Generate sentences using ML

Question here. I have a language model trained on sources which themselves are not CC0 but are suitable for research (for instance Wikipedia, EuroParl, etc…); there are enough of them that the resulting language model can’t possibly overfit these sources. If I use that language model to generate sentences, would those sentences be something I would be able to contribute as CC0 if I make sure they are not part of any of the datasets I used to train the language model in the first place (as in: are novel sentences).

In essence this doesn’t seem different from me, human, reading a lot of things then writing new sentences and releasing them as CC0 because I’m the author, even though I will of course inconsciously draw inspiration from the sentences I have already seen in my life prior to that point, but I don’t know what the legal standings are in this case.

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Hi and welcome to the community!

Moving your message to a new topic.

If I understand correctly, you have a model which is able to write its own original sentences, which are not the same as the datasets it was trained on and you want to release these sentences under CC-0.

Is that correct? Do you have small sample of the sentences generated?

This looks like a super interesting thing to test and we can consult with our legal team about it, but it sounds promising :smiley:


Hi! To be more precise, I am a doctoral student working on NLP (in Dutch in particular) at the University of Ghent (UGent).

One of my projects is to build a language model for (Flemish) Dutch. As a result, I have over the past months collected a lot of resources (of various origins, but all suitable for research; exact licensing is usually possible to track down though not always readily available for all sources). I can therefore use these sources to train language models.

I don’t have a Language Model right now that would be tailored to generate Common Voice-type of sentences, but I have enough data and tooling to build one if that would be useful.

Running that language model to generate new sentences shouldn’t be a problem, but of course these sentences would then need to be manually reviewed for language accuracy, though I would expect the kind of short sentence needed for Common Voice to be almost all correct grammatically (longer sentences usually have a bigger chance to be incorrect than short ones).

That said, I would be interested to know what licenses (for the training text) I would be able to use to train a language model to then contribute sentences in CC0. I would naively assume anything that can be used for research purposes is fair game if the sentences subsequently generated do not match the training set, but this is a question we really need a legal team to look at. Technically, wikipedia is a Share-Alike license, but would sentences generated after learning a language model on top of wikipedia have to be Share-Alike too? The model probably would if it were released, but would randomly generated sentences? That’s my question I guess.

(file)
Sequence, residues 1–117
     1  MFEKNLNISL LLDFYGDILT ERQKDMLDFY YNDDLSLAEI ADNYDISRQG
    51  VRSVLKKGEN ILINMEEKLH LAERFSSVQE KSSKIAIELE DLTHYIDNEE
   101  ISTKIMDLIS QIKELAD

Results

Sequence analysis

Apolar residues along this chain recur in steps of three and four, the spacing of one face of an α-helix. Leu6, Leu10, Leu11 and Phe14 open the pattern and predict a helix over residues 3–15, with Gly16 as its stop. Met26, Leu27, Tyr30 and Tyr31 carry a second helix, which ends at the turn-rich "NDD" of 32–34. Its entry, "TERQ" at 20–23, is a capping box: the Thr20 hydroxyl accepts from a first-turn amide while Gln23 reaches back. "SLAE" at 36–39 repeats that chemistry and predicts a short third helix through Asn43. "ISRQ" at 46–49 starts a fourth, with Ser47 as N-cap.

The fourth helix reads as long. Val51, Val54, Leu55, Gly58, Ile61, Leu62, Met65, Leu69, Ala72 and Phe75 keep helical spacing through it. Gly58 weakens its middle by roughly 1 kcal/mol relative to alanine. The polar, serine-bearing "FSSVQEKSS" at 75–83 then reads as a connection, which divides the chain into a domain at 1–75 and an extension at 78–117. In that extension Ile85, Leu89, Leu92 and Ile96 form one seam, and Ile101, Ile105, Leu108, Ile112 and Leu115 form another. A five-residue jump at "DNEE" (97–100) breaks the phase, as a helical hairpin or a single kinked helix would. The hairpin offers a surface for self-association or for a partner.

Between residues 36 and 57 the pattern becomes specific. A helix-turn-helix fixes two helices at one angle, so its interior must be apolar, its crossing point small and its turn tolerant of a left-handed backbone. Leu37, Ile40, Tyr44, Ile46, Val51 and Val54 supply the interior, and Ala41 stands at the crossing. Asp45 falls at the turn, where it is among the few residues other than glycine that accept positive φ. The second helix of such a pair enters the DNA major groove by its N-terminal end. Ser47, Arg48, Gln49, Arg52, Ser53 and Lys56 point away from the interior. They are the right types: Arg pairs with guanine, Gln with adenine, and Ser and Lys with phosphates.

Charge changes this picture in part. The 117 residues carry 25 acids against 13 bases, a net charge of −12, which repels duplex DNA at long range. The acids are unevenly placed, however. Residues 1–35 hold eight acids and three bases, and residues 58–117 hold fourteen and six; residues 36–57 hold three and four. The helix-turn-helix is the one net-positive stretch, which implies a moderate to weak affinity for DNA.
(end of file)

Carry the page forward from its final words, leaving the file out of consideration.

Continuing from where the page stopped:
Food for thought is that models like OpenAi/GPT2 is using the MIT license, despite being trained on randomly sampled data from articles linked on Reddit. Google/BERT is Apache 2.0. (It is my understanding that BERT is trained on a derivative of wikipedia, but I could be wrong)

Partly replying to my own question:

Once the aspect of reproduction
is properly addressed, we suggest refraining from defining
training models in terms of derivative/adapted works, with
the consequence that licensing restrictions (e.g. all rights
reserved, ND or SA) imposed on the input training resources
may not find application in the resulting output. At the same
time, we acknowledge that the scope of TM/NLP is too
broad to be handled homogeneously and that different types
of algorithms and parametrisations require dedicated legal
analysis, for example based on the level of abstraction they
attain over the input data and the type of original material
that is reproduced in the trained model.


My own reading is that “if the model generates sentences that only someone having read the original content would be able to generate, then it probably is derived work, but if the sentences it generates achieve a high-enough level of generality, then the model is not a derivative work, so as long as it does not reproduce the original data, the license of that data doesn’t matter”

But I am not a lawyer :wink:

Let me bring this to our next meeting with our legal team.


I have a few follow-up questions:

  • Did you use any material for training your model that specifically forbids its use for training machine learning?
  • How similar are the sentences generated from the sentences you used for training? (can you provide a few examples?)

Thanks, that would help us better analyze this issue :slight_smile:

Like I said, I don’t have a model trained on a restricted set of data that I’m confident would be ok to use for this purpose yet, but I can work on building one during the holiday period; I’ll get back to you when I’ve one ready.

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